We were interested to see that the study by Hilary Arksey and colleagues ('Tell it like it is', pages 32-33, 22 January) bears out the findings of a similar study we undertook into the needs of cancer patients' carers in Hillingdon in 1993.1 Their information needs were again identified as different from those of patients, and as sometimes in conflict with the duty of professional confidentiality.

At that time we contacted the British Medical Association to see whether there were any guidelines for doctors about circumstances in which it was permissible to give such information to carers, but were informed there was no guidance on the matter. While we fully appreciate it is normally best for such things to be decided in discussion with patients, there are occasions when carers need to know things which patients do not wish to hear about.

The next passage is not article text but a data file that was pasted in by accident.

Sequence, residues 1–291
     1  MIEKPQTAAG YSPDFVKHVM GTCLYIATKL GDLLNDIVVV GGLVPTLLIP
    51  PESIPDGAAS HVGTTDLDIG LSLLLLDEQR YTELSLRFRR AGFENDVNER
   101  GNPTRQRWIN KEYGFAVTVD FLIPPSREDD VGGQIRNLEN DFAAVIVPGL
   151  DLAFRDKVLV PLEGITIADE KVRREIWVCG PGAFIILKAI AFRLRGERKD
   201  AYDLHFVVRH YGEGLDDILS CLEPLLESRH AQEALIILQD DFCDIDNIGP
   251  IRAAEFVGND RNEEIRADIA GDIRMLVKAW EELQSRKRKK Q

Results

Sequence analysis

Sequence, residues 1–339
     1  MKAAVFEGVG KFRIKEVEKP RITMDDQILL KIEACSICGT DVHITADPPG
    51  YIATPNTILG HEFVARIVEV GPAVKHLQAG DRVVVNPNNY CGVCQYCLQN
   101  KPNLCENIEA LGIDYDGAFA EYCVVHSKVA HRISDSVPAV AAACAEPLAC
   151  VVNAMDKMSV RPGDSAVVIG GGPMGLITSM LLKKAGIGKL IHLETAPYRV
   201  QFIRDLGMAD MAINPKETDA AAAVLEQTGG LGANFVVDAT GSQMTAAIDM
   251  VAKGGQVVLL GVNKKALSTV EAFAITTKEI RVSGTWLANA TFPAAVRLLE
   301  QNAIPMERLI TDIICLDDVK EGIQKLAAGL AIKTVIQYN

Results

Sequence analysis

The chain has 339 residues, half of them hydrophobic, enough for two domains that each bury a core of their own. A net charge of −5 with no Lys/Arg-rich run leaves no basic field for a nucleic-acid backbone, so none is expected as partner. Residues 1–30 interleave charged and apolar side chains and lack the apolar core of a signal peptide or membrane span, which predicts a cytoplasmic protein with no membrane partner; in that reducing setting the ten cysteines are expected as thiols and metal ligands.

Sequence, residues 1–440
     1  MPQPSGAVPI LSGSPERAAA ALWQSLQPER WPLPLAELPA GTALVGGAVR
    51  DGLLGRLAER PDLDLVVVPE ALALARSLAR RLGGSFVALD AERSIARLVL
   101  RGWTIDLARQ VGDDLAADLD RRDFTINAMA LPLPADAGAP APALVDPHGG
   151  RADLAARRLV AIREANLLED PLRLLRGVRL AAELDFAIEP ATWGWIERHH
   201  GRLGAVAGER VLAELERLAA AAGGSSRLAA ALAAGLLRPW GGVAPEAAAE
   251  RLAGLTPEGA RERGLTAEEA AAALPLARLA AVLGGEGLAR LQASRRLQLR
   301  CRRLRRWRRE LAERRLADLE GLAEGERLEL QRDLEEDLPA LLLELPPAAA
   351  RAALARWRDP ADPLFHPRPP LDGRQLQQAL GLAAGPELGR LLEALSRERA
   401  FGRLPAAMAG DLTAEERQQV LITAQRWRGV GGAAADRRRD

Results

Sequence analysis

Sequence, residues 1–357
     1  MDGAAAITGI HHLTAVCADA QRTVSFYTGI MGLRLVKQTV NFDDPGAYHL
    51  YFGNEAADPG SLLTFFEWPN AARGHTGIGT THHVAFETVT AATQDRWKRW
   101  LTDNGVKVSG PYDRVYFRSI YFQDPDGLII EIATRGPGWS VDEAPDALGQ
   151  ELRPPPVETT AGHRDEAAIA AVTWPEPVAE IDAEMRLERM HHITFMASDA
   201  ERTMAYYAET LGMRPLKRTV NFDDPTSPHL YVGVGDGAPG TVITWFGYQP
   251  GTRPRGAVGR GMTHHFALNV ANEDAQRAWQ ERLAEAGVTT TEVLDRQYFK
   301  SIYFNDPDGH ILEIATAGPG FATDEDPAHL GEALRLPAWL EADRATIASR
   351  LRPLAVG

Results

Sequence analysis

The increasing emphasis on care in the community means that more carers are being expected to work as unpaid professionals. They deserve to be given the information needed to carry out this work, without which the resources of public services would soon be as exhausted as many of them are.

Gay Walker, Jane Bradburn, Jane Maher,

Lynda Jackson Macmillan Centre for Cancer Support and Information,

Mount Vernon Hospital,



1 Walker G. Hillingdon cancer patient carers project. Carers World. July 1994: 47.